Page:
‘Build it and they will come’ is dead, long live ‘ask them what they want, build that, and they will already be there waiting for you to finish with cash in hands’.

The PMF survey can be grossly reduced as one simple question to your users:

How would you feel if we were to take this solution away from you?
– Very disappointed
– Somewhat disappointed
– Not disappointed
– N/A, I no longer use the solution

Sean Ellis, who popularised this survey, estimates at least 40% of your users should be very disappointed to see your solution go for you to consider having reached PMF.

Under 40%? You’re either not solving a real problem or delighting them enough; very unlikely people will pay.

Jukebot: what is it and why now?

Jukebot is a little side project my friend Joe built in his spare time. We thought it would be fun to build a virtual jukebox everyone on our Slack team can control.

It’s quite simple. You first integrate your Spotify. Then you integrate your Slack team. Then you create a collaborative playlist for your team, and you’re good to go. Everyone on your team can use Slack commands to add songs, remove songs, play music, turn volume up/down, and more.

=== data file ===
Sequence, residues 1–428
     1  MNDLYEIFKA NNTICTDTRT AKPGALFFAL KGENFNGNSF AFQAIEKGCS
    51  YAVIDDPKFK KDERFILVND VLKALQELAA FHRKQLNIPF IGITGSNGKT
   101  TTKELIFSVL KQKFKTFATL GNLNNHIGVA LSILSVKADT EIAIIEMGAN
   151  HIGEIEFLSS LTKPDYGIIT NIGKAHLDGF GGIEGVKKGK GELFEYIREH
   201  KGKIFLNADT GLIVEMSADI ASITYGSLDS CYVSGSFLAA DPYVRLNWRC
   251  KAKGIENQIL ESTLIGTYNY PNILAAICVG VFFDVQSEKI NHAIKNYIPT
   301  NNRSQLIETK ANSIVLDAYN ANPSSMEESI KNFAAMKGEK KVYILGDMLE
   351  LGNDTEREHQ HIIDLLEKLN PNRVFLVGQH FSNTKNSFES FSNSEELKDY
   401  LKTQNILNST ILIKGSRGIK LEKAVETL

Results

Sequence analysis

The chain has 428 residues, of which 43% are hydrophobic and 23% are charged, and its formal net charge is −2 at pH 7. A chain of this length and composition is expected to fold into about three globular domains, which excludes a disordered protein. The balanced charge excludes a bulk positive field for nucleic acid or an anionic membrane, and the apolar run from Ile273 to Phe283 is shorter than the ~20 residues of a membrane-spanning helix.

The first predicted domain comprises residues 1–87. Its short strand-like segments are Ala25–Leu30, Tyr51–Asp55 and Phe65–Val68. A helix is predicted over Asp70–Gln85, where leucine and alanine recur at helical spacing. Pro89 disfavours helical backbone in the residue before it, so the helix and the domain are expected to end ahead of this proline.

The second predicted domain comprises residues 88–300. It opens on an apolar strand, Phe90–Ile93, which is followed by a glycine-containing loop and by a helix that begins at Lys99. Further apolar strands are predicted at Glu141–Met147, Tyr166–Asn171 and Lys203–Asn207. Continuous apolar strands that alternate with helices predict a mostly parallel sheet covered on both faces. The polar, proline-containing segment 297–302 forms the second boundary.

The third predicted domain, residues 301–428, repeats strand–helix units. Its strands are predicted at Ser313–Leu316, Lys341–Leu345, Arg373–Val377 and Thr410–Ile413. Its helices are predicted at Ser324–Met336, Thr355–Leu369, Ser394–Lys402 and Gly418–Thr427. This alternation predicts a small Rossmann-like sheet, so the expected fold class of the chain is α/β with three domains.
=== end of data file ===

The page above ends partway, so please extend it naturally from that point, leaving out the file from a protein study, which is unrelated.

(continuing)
> Grab Jukebot (it’s free)

We released it in the wild about 12 months ago, never expecting it would do much. We use it at the office every day. It is available via the Slack App Store, and was featured for a few days over Christmas last year.

Over that 12 months period, we grew entirely organically. Today, we’re at over 900 teams using it and hovering at 80 DAU (a user here being a Slack team, if we look at actual individual users we are at 5,238). Our website is rocking a cool 17.28% conversion rate, converting between 5 and 10 new teams every week day (weekends are typically very quiet).

Between these numbers, our fondness of the tool, and the tickets/feature requests we get every day; we thought there was an opportunity. At the back of my mind, Kevin Kelly’s ‘1,000 True Fans’ blog post also drove me to probe our users.